Sally and Sean share the highs and lows of their adoption story
From the moment we started talking about adoption we always wanted to adopt siblings.
We really didn’t mind what gender they were; I suppose initially we thought a boy and a girl would be lovely, but in reality we just knew we wanted to adopt 2. (Actually we really wanted to adopt 3 to start off with; thank goodness our social worker discouraged us from this madness!!)
We knew that adoption was the only way for us to have a family, and we believed that our family meant us and more than one child. We also thought that siblings would mean they always had someone who was 100% ‘theirs’ and had been through similar things; I suppose we hoped that this would help them as they got older as they were ‘in it together’.
We knew that we wanted one child to be under school age, but we were happy for the other child to be older. We thought we would probably be placed with a 3 and 7 year old, but in reality we adopted a 13 month and a 3 year old.
Since adopting our beautiful girls, and from talking to their foster carer, we are now aware that there had been talk about not placing the children together. Our eldest was classed as ‘hard to place’ due to a medical condition, whereas our youngest was an ‘easy to place baby’. The thought now of our girls not being together doesn’t bear thinking about. They have a wonderful relationship; yes they fight like cat and dog at times, but they truly love each other and are always looking out for each other.
There is a lot of talk in adoption about ‘trauma bonds’ with siblings, and I know that this is a real issue and is the main reason why siblings aren’t placed together, but, thankfully, with our two this isn’t the case. They help each other, and are there for each other, and are so alike – and yet so different!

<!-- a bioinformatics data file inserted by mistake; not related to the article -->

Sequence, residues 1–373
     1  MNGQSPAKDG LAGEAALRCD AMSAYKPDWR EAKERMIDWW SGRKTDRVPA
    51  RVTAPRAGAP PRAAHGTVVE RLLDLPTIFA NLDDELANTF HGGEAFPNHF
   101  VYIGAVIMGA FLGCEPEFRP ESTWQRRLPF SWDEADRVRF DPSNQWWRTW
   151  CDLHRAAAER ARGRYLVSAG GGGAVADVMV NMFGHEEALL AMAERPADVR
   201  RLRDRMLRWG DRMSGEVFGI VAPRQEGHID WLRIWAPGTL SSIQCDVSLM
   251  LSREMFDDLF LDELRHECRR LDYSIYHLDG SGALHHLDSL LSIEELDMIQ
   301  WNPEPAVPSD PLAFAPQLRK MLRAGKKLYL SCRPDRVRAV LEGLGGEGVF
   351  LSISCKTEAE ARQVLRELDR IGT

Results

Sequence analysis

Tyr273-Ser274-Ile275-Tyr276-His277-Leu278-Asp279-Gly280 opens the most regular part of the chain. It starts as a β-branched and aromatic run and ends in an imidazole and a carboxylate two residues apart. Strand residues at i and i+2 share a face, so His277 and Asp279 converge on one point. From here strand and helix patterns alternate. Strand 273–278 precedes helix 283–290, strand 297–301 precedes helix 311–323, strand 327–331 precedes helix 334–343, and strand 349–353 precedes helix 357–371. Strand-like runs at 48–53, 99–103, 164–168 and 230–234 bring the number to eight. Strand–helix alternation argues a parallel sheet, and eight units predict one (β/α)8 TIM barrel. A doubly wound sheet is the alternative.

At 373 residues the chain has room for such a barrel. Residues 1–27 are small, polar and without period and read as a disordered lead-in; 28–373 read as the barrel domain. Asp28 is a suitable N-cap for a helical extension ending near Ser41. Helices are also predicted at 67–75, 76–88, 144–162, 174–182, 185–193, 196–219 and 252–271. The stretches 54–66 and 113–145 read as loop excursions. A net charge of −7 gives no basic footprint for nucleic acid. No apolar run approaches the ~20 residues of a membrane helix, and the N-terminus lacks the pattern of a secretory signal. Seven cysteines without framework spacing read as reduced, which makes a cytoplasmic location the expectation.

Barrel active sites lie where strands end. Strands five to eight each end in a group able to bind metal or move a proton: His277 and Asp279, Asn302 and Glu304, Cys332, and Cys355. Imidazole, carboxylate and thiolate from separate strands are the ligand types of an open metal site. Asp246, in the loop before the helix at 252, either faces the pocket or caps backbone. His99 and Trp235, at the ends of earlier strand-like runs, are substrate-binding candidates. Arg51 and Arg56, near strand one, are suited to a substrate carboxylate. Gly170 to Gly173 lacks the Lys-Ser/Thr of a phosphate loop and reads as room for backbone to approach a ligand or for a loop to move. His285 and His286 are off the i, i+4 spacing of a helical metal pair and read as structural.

Before our girls came to live with us we were totally prepared for the challenges we knew we would face; we went into adoption with our eyes wide open and the rose tinted specs well and truly put away but nothing, NOTHING, can prepare you for the rollercoaster that is adopting two children. It was incredibly difficult at the start; our eldest was very unhappy after 18 months with her foster carers whom she loved, and she found it very difficult to let us care for her. She tried to hide all feelings, and wouldn’t cry if she hurt herself or was upset.
It was desperately upsetting being pushed away when we had wanted children for so long. At the time we felt that our youngest coped very well with the transition, but now that we really know her, 4 years on, we can see that she also struggled greatly, and was highly anxious and unsettled. We had an incredibly difficult first 6 months, when we really did wonder what we had let ourselves in for, but we had made a commitment to our girls and no matter how hard it got we were never going to give in, and gradually, as the girls got to know us, and us them, they began to trust us, and slowly we felt that we were their parents, and not just two strangers trying to forge a relationship with two children who didn’t want it. During that very difficult period we did try and remember that whilst we had chosen adoption; our girls hadn’t. We also kept reminding ourselves that if it was this hard for us, two adults who had waited years for this, then how bhard must it be for the girls!
Every day little things happen that make us burst with pride, our girls have come on so much since those early days and we know that they love us, and we love them. Since day 1 we have had some amazing highs, and some heart breaking lows, but we love our girls with all our hearts, and cannot imagine life without them (or remember what life was like before them!)
There are constant challenges that we need to face; adoption is never easy, but then again, being a parent is never easy but we know that whatever obstacle we have to face next (and we envisage lots!) we know that we will get through it together as our family, and we wouldn’t want it any other way.
To find out more about adopting with us call 0800 169 2061 or come along to our next information meeting.